Figure 3. Division of support granted for streamlining or construction of local government buildings in counties

Figure 4. Support for the construction and streamlining of local government buildings (hereinafter the borders of counties and local governments indicated on the map of Estonia are those of the administrative division as at 01.01.2018)

Figure 5. Support outside the service centres included in county plans

Figure 7. Division of support for infrastructure meant for the performance of mandatory and voluntary functions

Figure 11. Condition of buildings by services provided by local governments

Figure 12. Buildings in a satisfactory or bad condition in service centres

Figure 13. Investment needs of local governments in service centres (in euros)

Figure 14. Unsafe local government buildings

Figure 15. Division of support by sites according to the number of users


The National Audit Office prepared an overview of the support granted for streamlining the property of local governments from 2007-2016 by collecting data from the Ministry of Finance and all local governments. The purpose of the overview was to ascertain whether state budget and foreign support has contributed to the improvement of the condition of local government buildings and which challenges are local governments facing when applying for support.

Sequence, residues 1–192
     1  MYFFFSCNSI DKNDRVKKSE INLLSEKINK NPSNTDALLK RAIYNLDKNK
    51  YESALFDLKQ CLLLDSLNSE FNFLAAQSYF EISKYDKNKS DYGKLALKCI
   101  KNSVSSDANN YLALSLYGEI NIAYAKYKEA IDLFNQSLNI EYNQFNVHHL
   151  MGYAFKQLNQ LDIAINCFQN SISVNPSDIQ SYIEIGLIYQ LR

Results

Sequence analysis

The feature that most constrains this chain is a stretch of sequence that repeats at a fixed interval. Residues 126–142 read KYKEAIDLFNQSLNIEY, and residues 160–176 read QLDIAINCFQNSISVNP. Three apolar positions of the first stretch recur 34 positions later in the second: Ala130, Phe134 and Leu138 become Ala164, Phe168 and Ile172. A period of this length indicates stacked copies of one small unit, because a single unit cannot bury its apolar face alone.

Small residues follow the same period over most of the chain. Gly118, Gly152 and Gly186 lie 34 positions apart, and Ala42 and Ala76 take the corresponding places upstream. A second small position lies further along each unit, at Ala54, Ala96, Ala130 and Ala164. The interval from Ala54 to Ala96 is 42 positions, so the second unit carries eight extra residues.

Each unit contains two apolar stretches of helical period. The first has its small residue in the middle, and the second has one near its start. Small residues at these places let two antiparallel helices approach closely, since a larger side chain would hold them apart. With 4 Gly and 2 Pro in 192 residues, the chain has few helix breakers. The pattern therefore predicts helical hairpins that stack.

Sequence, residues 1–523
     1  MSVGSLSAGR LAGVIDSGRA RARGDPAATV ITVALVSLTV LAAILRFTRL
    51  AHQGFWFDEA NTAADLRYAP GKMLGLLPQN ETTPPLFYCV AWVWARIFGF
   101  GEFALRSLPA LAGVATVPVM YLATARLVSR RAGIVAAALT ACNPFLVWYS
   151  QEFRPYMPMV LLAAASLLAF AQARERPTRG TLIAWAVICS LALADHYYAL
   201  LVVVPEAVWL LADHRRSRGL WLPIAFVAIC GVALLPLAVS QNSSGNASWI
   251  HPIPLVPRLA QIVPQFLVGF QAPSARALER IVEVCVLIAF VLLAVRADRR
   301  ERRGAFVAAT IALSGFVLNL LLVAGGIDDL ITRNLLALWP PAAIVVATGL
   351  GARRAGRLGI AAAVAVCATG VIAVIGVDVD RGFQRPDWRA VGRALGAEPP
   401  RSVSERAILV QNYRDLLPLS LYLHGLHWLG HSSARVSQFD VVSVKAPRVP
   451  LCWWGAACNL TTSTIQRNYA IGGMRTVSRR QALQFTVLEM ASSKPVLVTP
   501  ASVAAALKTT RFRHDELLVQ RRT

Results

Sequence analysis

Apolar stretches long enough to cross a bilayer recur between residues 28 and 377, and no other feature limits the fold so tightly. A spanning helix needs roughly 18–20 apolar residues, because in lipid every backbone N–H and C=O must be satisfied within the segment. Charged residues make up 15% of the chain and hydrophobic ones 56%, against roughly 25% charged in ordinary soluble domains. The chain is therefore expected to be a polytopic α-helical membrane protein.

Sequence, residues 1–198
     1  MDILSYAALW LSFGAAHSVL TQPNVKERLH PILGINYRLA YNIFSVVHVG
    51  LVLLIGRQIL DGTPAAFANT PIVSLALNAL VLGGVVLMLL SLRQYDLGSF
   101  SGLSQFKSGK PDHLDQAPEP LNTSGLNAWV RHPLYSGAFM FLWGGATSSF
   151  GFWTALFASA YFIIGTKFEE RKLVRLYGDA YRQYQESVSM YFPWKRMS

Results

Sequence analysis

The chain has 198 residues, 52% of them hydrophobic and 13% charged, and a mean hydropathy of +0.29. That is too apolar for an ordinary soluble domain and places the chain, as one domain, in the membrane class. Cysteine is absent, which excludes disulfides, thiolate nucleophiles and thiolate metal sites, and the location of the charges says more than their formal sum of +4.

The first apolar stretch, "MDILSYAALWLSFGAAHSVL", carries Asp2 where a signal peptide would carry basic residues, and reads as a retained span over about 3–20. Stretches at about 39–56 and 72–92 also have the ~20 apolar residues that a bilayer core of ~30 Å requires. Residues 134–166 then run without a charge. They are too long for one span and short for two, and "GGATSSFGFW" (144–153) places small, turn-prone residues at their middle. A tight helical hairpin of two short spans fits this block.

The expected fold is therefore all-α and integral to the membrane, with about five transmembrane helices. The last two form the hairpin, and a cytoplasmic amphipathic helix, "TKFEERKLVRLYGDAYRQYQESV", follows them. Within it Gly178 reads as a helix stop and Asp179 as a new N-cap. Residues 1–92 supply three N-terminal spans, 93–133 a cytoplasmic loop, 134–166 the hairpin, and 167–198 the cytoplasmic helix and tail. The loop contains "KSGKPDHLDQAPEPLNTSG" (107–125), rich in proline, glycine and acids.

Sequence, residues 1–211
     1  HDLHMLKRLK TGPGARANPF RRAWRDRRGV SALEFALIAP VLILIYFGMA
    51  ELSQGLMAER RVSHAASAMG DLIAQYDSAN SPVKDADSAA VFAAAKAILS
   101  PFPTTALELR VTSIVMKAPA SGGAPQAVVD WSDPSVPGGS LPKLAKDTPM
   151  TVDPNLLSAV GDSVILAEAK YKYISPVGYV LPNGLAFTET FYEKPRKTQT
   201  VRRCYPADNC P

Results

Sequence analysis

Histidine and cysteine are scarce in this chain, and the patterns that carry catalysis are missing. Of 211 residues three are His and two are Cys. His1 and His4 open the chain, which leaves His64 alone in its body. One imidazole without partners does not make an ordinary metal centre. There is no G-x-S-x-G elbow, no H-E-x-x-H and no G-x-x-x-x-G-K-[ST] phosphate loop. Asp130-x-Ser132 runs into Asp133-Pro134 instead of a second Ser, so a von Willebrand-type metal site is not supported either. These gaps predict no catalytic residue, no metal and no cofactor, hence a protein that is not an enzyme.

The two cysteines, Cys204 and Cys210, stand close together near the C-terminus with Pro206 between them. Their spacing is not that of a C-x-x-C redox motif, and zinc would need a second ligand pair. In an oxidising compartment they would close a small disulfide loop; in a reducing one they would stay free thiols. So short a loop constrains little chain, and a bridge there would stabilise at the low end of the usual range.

Jointly with Statistics Estonia, the National Audit Office analyse whether support had been allocated for streamlining sites with larger numbers of users, whether the sites are in a good condition as a result of the support and the quantity of people for whom the services of local governments are not accessible enough. The overview helps the state and local governments plan investment support considering the prospect that the amount of European Union support will decrease as of 2020.


Toomas Mattson
Communication Manager of the National Audit Office
+372 640 0777
+372 513 4900

  • Posted: 12/7/2017 11:31 AM
  • Last Update: 12/11/2017 12:02 PM
  • Last Review: 12/11/2017 12:02 PM

Division of support granted for streamlining or construction of local government buildings in counties

National Audit Office